Bailey Reynolds: Presentations of Impact 2020

Bailey Reynolds: Presentations of Impact 2020

I knew I had a passion for creating positive social impact—environmental or otherwise—but I struggled with my how. Upon graduating Arizona State University last May with a bachelor’s degree in conservation biology, I found myself glued to my parent’s sofa, anxiously binge-watching all eight seasons of Vampire Diaries and wondering, “what now?”. Unlike some of my friends who graduated with job titles that matched their degrees—like nurse or engineer—I wasn’t having much luck finding opportunities suited for a conservation biologist with more experience researching public perceptions of environmental functions than actually protecting them. I needed to know how to create the social impact I yearned to see in Arizona and the world.

I learned about Public Allies in early 2019, and originally gravitated toward the possibility of engaging in service-learning, leadership development, and the nonprofit sector. I identified with the organization’s weighty mission: to create a just and equitable society and the diverse leadership to sustain it. Plus, the organization’s core values match the values that guide my daily decision-making. Cut to Fall 2019: I joined Public Allies hoping to gain confidence, work with like-minded individuals from various backgrounds, and—of course—make an impact.

At the beginning of my service term, I began volunteering with Valley Leadership, a leadership organization whose mission is to empower, leverage, and mobilize leaders to meaningfully impact the most pressing issues facing Arizona. As an Impact Maker Program Associate my current objectives relate to developing Valley Leadership’s Impact Maker. The Impact Maker model consists of Impact Teams with ready-to-go networks of organizations, Valley Leadership alumni, and community champions all collaborating to tackle To-Do items in pursuit of immediate impact and systemic change. Specifically, I helped establish the teams’ project management framework and ensure that VL alumni work to impact issues around education, health, jobs & the economy, and child wellbeing in Arizona. Over the past six months, I have worked with teams to improve post-secondary access for all students, improve the way people access and eat healthy food, continue to grow Arizona’s advanced manufacturing workforce, and increase support for children and families interacting with the child welfare system—among other things. I also helped launch our fifth Impact Team and five additional To-Do items in response to the COVID-19 pandemic in Arizona.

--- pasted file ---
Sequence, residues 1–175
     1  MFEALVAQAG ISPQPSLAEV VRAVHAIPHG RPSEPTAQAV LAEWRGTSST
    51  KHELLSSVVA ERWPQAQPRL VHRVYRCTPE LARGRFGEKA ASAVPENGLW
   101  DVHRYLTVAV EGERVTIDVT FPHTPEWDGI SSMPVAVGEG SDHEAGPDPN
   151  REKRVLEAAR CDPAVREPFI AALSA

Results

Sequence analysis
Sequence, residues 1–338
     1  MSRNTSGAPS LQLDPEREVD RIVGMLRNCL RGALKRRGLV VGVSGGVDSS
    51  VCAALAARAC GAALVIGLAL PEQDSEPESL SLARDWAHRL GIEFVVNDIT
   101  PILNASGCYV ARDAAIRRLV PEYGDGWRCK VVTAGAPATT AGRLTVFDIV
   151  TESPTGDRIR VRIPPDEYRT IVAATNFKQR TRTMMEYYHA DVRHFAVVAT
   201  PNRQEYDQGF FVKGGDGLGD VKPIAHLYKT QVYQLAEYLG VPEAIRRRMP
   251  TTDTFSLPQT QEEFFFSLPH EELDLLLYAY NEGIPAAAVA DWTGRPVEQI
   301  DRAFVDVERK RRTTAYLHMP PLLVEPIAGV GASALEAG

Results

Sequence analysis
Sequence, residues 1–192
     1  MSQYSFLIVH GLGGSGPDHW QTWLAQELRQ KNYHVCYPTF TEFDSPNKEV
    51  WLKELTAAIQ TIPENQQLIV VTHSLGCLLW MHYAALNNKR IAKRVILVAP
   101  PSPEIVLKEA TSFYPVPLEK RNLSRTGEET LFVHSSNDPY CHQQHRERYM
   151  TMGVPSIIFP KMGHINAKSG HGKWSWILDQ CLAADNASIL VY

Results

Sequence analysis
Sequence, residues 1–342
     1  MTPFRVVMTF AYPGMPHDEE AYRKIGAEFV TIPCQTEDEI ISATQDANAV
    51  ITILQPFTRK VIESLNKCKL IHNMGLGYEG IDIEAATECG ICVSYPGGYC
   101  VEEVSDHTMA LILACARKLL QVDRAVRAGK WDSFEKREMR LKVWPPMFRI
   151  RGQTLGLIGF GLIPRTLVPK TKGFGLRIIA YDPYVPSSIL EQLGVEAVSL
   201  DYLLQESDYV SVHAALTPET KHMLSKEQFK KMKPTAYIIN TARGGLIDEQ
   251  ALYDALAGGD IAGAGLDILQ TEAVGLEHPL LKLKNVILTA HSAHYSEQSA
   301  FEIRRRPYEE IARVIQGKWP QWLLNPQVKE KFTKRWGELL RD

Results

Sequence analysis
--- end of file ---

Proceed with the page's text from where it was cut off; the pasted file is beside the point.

Additionally, I have the pleasure of collaborating with my fellow Allies to reach the community as a result of our Team Service Project. While none of us are extremely well-versed in economic development, we focused on our assets and the needs of community members to deliver a virtual financial literacy workshop to clients of the Human Services Campus. We hope that our investment in people experiencing homelessness will reinforce the value that they may have forgotten to see in themselves. I also proudly volunteer my time with the Arizona Sustainability Alliance leveraging environmental education to encourage sustainable food systems in the state. Service has taken root in my life, and I will continue to advocate for volunteerism and civic engagement beyond my time as an Ally.

All things considered; I think I found my how. I am proud of the work that I do, but I know that I would not have achieved all that I did without the support of the people—my family, mentors, supervisors, and above all, the Allies—in my life. I used to hold the phrase “it’s all about who you know” in contempt. In the past, I thought the phrase only applied to rich kids with fraternity connections or family ties, but now I think about that phrase in a whole new context. I know Melanie, and she is remarkably vulnerable and steadfast; I know two Julies, and they are both incredibly resourceful; I know Clary, and she is creative and poised. I could go on and on about my cohort, but the takeaway here is that we all have strengths that add unique value to the community in several ways. We each can lead and create positive social impact on our own, but if you put us all together for a Community Space Day we make magic happen.